Last Updated on 5 months by Viktor Hendelmann
Too Good To Go is a platform on which restaurants, supermarkets, and other establishments can sell surplus food.
Too Good To Go makes money by charging a fixed order-based fee as well as a yearly administrative fee to its partners. The company operates under a marketplace business model.
Founded in 2015, Too Good To Go is now the largest platform of its kind. It currently operates in 17 countries across the globe.
How Too Good To Go Works
Too Good To Go (TGTG) is a platform on which restaurants, supermarkets, and other establishments can sell surplus food.
Here’s how it works from the user’s perspective. First, you download the firm’s app, which is available on the Android and iOS operating systems.
After setting up an account, hungry customers can get purchase food through the app for as little as £2/$2/€2.
TGTG is set up like any other food app, meaning you can browse restaurants in proximity by using its map or list feature. However, it has to be noted that the platform does not facilitate deliveries as of right now.
Customers have to show up at a pre-set time, which is normally within the last 30 to 60 minutes of when the business closes.
Depending on the type of venue, customers can either pick a set weight of food (e.g., 500gr from a buffet) or receive a surprise bag of random items (normally when shopping at bakeries).
While customers may not always know what each bag contains, they can be ensured to receive substantially more food than they would’ve gotten when regularly shopping at the business.
Consequently, TGTTG’s partners benefit from being able to sell food that they otherwise would’ve thrown away. Every surprise bag a customer receives saves roughly 2.5kg of CO2e – enough to fully charge 440 smartphones.
TGTG is currently available in more than 90,000 stores across 17 countries in Europe and North America.
Too Good To Go: The Founding Story
Too Good To Go, which is headquartered in Copenhagen, Denmark, was founded in 2015 by Brian Christensen, Thomas Bjørn Momsen, Stian Olesen, Klaus Bagge Pedersen, and Adam Sigbrand.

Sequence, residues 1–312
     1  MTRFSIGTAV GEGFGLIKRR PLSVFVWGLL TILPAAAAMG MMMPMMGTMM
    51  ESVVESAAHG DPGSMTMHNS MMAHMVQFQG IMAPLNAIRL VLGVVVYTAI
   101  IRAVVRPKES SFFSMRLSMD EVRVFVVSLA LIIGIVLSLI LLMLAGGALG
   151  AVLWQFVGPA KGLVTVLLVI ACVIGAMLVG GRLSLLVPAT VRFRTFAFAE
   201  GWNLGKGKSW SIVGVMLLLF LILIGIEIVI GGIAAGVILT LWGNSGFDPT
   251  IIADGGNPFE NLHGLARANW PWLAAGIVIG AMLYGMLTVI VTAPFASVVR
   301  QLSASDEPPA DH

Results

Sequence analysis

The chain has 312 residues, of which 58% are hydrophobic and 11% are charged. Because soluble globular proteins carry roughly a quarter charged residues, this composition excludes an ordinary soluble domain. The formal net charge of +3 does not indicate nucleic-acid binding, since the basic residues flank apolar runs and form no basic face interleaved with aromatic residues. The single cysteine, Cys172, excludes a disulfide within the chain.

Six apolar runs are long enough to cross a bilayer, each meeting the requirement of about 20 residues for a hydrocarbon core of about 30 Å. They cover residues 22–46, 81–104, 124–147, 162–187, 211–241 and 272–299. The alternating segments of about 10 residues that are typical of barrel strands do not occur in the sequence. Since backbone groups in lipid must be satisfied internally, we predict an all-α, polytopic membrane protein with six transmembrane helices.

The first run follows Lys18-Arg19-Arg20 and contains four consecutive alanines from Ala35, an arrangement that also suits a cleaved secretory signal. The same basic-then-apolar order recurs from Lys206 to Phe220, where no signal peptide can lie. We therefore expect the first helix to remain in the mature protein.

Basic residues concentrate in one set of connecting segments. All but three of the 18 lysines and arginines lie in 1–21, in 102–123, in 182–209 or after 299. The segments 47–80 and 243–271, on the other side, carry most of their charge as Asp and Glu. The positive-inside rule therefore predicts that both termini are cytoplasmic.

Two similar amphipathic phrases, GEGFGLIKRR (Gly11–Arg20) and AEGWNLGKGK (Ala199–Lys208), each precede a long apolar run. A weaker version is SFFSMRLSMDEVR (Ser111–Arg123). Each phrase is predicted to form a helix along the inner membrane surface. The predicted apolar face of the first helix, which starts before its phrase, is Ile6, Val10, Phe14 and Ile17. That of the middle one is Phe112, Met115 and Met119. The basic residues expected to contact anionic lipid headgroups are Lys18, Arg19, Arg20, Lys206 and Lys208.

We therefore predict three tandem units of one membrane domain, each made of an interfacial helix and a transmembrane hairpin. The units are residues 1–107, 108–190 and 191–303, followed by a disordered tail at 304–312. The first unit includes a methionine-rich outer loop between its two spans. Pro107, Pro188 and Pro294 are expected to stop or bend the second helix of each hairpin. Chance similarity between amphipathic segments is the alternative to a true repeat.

Most of the founders were still enrolled in university when they launched the business. As the story goes, Momsen was the one who had the idea to start TGTG after leaving a buffet that had tons of leftover food.
Unfortunately, while the idea was a great one, executing on it was a whole different beast. This was because restaurants initially did not realize the value of selling their surplus food.
Not only wasn’t food waste as big of a concern as it is today but restaurants would simply not make much of a profit on those customers.
Luckily, some owners did eventually realize the added benefits that a platform like TGTG would bring. So, in late 2015, the founders launched the first website that would list a few dozen restaurants across Copenhagen.
Not long after, they unveiled a dedicated mobile app. The phone’s GPS capabilities proved to be a key factor in why adoption took off like a literal wildfire.
I personally remember the increase in adoption as I was doing my master’s in Copenhagen at the time. TGTG was particularly popular with students in need of a cheap meal, especially since restaurants in the city are quite pricey.
Knowing that they had a winner in their hand, the founders quickly expanded the TGTG concept across a variety of countries in Europe.
Interestingly, they did so not by hiring local employees but by essentially making them co-founders (likely to incentivize them to work harder). For instance, when TGTG launched in the U.K. in June 2016, it was led by Jamie Crummie. Its French division was managed by Lucie Basch.
This ownership strategy enabled TGTG to be present in 7 countries by the beginning of 2017. However, it also added tons of additional complexity, which ultimately required more adult supervision.
Meanwhile, some of those founders also appeared in the Danish and German versions of Shark Tank, which further raised awareness for TGTG.
Fortunately, one of the firm’s angel investors and advisors was ready to take on that task. That person was Mette Lykke who had previously founded the fitness tracking app Endomondo. Lykke and her co-founders managed to sell the business to Under Armour (UA) for $85 back in 2015. After staying at UA for another 2 years, she was keen on getting back into the world of startups.
So, in June 2017 and after advising the founders for the previous 9 months, she became TGTG’s chief executive. Over the next 1.5 years, Lykke oversaw the expansion into a handful of other countries while helping the business to raise over $25 million in venture funding.
Expanding the business as fast as possible (and thus creating strong local network effects) was particularly necessary given that other competitors of Too Good To Go began to offer similar services. Platforms like Karma or OLIO would go on to raise tens of millions of dollars in funding as well.